Shocking videos and photos show severe flooding in Alaska amid ‘worst’ storm

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Footage from Alaska shows a storm flooding the state, causing flooding along the western coastline hit by the remnants of Typhoon Merbok over the Bering Sea.

In a series of tweets on Saturday, the National Weather Service (NWS) posted updates about the storm and shared videos and photos of the flooding.

“Major floods in Golovin. The highest water levels are not expected until this afternoon, the flooding will get worse. The water is around the school, houses and structures are flooded, at least a few houses are floating from the foundation, some older ones fuel tanks are tilted,” NWS Fairbanks tweeted.

In a separate tweet, NWS Fairbanks shared images of rising water in Golovin, Alaska, showing groups of buildings partially submerged.

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“Water is still expected to rise 1-2 feet this afternoon. Our thoughts are with the community,” the NWS wrote.

In the meantime, another image showed buildings in Kotlik, Alaska, partially submerged, as well as an area near an airport in Unalakleet, Alaska.

Don Moore, director of the Alaska Environmental Science and Services Integration Center at the NWS, said: News week on Saturday that a storm of this “magnitude” is not typical at this time of year in Alaska. He added that they are more common later in the year, when sea ice has already formed and “usually serves as a barrier for these communities to keep waves down” and prevent flooding.

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As of Saturday afternoon, some of the worst flooding hit towns in the Norton Sound region of Alaska. Moore said winds from the south are exacerbating storm conditions in the area.

“As long as that wind continues like this, the water will just be pushed up in that direction,” he said.

Above, a bulldozer pushes the debris into place to widen the beach to protect the village’s runway from coastal erosion on Sept. 9, 2019 in Kivalina, Alaska. Footage from Alaska shows a storm descending on the state, causing flooding along the west coast from the remains of a typhoon.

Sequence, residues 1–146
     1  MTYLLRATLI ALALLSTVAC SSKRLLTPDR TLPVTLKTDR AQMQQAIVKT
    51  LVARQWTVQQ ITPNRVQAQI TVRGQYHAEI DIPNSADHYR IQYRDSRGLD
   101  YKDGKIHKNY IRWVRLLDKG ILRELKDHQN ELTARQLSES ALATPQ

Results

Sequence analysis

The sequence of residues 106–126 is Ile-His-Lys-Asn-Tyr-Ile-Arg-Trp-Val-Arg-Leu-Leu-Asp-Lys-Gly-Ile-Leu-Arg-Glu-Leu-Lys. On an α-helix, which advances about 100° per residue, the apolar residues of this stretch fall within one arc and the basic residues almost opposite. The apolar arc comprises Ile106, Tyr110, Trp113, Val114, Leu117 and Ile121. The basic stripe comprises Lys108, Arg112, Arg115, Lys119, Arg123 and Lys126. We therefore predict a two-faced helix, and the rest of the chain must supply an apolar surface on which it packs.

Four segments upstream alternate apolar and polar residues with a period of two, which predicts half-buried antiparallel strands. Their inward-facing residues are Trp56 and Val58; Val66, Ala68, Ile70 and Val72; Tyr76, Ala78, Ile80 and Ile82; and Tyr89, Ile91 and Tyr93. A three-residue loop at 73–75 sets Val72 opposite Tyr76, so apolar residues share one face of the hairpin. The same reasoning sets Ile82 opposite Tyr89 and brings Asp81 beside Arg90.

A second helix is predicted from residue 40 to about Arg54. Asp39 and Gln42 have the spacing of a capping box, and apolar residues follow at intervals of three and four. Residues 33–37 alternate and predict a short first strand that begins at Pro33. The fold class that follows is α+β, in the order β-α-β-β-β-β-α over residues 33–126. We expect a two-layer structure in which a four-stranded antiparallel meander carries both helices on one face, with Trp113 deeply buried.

Joe Raedle

However, meteorologists expect storm conditions along Alaska’s south coast to improve during the day, but worsen in the north.

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A video posted to Twitter early Saturday morning by Melissa Frey, a meteorologist with local news channel KTUU/KYES, showed the town of Hooper Bay, Alaska, inundated by seawater, and what appears to be damaged homes.

Frey described the situation, tweeting, “Houses of foundations, power cables down and roads under water.”

On Friday, NWS Fairbanks Office meteorologist Scott Berg told: News week that the storm’s “greatest impact” will flood “around homes and then over and around runways.”

“That affects people’s ability to get in or out of there because there are no roads going back to big cities like Fairbanks or Anchorage,” he said.

Alaska Governor Mike Dunleavy said on Saturday that he had “declared a disaster for communities affected by the West”. [coast] storm,” saying officials have not yet received reports of any injuries.

“We will continue to monitor the storm and keep Alaskans informed as much as possible,” the governor wrote on Twitter.

The NWS Alaska Region reported in another tweet on Saturday that water levels in Nome, Alaska, “are now above 10 feet, surpassing the November 2011 peak (9.86 feet).”

“The water will continue to rise throughout Norton Sound into the afternoon,” it added.

News week has contacted the National Weather Service for comment.